"Lines and Lineage" and "Divided"
Although they play a consequential role in human lives and group identity, borders are artificial, impermanent and often absurd. Seen through the prism of contemporary politics, these lines between countries can take on dramatic and distorted meanings. From 2017 to 2018, I created several lens-based works about the Mexico-U.S. border that reframe our perceptions using line, memory, and perspective.
The first work, Lines and Lineage, 2017-2018, addresses the missing photographic record of when Mexico ruled what we now know as the American West. Although photography was invented in Paris in 1839, it didn’t arrive in the West until after the U.S. seized the region from Mexico in 1848. Images of the Mexican era were never fixed in our collective memory. Using a 19th century camera and glass negatives, I attempt to fill that vacuum. The work combines landscape photographs of the original Mexico-U.S. border with portraits of descendants of early inhabitants.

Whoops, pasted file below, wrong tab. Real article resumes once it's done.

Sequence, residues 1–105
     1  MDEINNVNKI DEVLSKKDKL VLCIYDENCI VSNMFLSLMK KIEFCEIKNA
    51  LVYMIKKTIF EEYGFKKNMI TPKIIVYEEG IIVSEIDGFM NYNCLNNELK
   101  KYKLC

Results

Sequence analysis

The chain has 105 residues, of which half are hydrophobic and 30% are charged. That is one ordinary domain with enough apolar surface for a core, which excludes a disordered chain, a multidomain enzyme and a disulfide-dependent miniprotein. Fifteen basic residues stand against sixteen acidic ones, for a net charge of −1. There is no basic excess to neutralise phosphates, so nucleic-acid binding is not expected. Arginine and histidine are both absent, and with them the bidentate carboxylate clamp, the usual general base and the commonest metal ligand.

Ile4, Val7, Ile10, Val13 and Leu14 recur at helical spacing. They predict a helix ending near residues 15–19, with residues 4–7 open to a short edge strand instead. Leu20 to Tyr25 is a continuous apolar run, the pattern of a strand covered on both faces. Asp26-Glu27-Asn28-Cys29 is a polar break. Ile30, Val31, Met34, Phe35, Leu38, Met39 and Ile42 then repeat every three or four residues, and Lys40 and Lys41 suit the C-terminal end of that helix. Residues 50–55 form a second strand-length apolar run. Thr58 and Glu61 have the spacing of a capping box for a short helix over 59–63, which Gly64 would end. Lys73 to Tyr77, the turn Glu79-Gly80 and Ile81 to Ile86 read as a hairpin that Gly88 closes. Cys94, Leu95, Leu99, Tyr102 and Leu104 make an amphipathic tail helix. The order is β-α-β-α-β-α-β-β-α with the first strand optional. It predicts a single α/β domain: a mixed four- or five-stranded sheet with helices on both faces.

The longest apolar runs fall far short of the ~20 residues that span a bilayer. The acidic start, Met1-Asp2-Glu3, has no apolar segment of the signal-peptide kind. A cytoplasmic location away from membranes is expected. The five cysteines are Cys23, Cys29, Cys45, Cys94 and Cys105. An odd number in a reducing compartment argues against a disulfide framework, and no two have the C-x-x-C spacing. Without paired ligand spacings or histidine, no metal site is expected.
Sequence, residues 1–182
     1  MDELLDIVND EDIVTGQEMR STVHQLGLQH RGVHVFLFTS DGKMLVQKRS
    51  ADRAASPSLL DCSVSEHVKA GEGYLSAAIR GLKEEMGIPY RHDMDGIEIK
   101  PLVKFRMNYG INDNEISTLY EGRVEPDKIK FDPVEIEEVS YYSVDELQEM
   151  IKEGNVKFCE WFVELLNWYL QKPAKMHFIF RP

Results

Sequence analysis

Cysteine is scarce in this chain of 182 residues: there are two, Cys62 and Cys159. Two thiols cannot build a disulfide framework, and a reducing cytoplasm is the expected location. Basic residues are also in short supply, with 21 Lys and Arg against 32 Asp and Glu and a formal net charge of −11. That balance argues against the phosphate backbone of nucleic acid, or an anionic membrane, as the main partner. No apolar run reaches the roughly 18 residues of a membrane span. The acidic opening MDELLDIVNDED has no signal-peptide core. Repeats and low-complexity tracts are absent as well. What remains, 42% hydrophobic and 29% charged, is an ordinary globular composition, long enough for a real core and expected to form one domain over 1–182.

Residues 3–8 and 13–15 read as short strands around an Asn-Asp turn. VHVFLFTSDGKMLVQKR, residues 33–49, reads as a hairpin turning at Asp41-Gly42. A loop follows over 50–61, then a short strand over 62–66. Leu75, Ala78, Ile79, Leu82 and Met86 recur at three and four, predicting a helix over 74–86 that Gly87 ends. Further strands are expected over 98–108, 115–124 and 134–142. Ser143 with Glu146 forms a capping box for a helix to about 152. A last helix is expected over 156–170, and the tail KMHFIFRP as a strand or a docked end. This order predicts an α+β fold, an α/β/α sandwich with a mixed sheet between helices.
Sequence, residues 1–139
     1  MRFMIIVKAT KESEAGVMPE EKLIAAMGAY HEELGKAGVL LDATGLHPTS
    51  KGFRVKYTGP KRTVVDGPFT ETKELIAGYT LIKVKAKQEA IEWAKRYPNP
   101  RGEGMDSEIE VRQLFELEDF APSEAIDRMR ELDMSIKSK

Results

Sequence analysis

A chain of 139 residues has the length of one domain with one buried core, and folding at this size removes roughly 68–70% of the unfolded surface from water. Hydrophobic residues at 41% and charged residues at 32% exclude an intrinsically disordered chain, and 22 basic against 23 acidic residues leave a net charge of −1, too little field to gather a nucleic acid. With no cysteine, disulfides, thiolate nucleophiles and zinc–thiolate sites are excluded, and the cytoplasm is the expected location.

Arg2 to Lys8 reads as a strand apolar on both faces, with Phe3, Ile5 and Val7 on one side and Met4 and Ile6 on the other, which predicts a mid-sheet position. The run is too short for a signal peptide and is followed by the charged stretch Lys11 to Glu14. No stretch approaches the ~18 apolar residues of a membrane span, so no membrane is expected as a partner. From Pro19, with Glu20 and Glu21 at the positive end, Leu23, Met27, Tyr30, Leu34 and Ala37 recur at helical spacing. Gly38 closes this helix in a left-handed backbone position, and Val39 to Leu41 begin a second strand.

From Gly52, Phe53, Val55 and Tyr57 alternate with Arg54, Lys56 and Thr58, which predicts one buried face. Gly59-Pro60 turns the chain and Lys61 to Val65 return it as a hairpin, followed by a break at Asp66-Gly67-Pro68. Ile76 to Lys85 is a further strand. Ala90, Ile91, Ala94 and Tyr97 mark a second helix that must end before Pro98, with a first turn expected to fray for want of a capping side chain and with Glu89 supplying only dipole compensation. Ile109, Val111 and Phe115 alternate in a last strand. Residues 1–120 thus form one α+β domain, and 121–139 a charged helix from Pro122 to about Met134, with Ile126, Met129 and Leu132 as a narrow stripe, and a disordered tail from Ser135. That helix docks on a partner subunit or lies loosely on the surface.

The next work, Divided, 2018, is a single-channel video installation that focuses on the timeless repetition of lines of waves from the Pacific Ocean as they crash perpendicular into the steel barrier that splits Baja and upper California. The collision of waves is mesmerizing, and we notice unified lines of waves that are divided in two.